Then, in 1765, he appeared among the people. When he was caught, the "czar" turned out to be Gavrila. Kremnev, a deserter from the army.
When the case of the pretended czar was reported to Catherine, she decided "it was done not with forethought or any idea of consideration,, but only from drunkenness, unruliness. and ignorance". Therefore Gavrila Kremnev was only flogged, branded and exiled to Siberia.
The harsher the punishment, the more tenaciously the secret belief persisted that the czar was in hiding. When the Don Cossack Pugachev began his uprising, for many he was none other than Peter III. When house serfs of the nobility were flogged in Moscow for talking about Pugachev, they cried out under the knout: "Czar Peter Fyodorovich lives." And although Pugachev was publicly executed in Moscow, Peter III stubbornly refused to die.
The spectre of the dead emperor haunted Russia, appearing in the flesh of his doubles now among the peasants, now among the Cossacks, now among the soldiers. Even the Skoptsy - a Russian sect whose members practised castration - had their Peter III in Kondrati Selivanov, one of their religious leaders. This was far from the last shape assumed by the murdered emperor's ghost. Indeed, it is quite safe to say that after his death Peter "lived" a much longer and much more varied life.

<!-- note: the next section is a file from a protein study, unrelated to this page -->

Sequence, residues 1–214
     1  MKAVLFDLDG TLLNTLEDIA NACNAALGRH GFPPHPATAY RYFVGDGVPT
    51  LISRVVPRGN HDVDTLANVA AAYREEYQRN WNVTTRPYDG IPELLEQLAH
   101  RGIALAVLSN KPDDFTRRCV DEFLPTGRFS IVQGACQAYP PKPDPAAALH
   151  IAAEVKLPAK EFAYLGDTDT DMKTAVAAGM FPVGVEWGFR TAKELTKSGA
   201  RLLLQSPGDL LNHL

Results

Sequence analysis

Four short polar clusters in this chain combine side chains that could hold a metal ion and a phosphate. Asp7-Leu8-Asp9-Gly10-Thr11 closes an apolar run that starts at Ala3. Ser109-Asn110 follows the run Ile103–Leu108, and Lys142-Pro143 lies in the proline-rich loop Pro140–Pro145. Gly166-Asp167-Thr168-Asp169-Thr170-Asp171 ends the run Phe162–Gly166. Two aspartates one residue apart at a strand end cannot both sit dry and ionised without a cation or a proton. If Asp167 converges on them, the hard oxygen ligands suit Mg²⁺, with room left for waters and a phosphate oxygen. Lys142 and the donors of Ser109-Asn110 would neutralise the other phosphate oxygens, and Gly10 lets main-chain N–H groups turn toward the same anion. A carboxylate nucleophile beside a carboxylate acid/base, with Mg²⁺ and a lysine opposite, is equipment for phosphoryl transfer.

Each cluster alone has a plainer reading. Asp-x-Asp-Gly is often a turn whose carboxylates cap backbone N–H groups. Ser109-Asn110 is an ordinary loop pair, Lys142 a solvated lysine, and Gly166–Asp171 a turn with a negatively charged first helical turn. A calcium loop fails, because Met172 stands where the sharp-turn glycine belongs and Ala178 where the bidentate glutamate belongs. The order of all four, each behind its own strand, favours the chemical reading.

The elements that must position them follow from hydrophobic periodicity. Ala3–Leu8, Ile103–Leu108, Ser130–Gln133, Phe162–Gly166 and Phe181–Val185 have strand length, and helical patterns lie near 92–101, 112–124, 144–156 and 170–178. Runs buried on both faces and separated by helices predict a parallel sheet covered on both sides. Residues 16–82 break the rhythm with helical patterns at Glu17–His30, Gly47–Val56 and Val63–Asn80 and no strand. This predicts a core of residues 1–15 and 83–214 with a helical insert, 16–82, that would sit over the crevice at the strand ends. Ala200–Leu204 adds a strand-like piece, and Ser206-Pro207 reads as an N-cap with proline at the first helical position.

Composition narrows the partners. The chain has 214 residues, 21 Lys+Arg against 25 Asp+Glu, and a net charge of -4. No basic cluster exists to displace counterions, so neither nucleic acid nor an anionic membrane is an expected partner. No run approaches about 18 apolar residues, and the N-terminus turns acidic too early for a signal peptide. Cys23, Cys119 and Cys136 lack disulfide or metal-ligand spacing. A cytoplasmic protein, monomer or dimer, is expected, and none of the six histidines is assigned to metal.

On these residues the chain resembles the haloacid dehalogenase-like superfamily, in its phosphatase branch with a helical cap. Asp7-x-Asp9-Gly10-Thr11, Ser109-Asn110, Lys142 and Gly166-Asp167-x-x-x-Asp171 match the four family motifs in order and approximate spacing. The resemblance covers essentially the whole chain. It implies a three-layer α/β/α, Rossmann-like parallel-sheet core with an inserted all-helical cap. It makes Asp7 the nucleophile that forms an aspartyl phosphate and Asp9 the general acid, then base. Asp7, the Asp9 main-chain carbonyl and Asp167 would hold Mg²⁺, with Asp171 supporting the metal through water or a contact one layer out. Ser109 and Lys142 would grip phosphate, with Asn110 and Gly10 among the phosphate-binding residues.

Not satisfied with the vast spaces of the Russian Empire, Peter III crossed its. borders and appeared in Montenegro. "He was of medium height", one of his contemporaries wrote, "thin and pale, his face pockmarked, and a thick mane of hair falling across his brow, covering his eyes."
Many people, however, also knew him as Stefan. A certain Captain Tanovich, who had lived? in St. Petersburg, and who had seen Peter III there, testified on oath that the man known at Stefan, and Peter III, were one and the same person. The monk Theodosius, who had also seen the emperor, affirmed the same thing. The last doubts were dispelled when a picture of the emperor was found in a monastery. It was decided that the copy and the original were as like as two peas.
A deputation of leading Montenegrins came to the door of the small house where Stefan lived, and begged "Peter III" to agree to rule in Montenegro. What would any other small-time adventurer have done in his place? Accepted immediately, I suppose. Stefan, however, tore the petition up and threw it at the feet of the deputation, and refused to accept the kingdom until hostility and strife were suppressed. After that gesture no one doubted any longer that the man who was going to rule Montenegro was in fact the Russian emperor.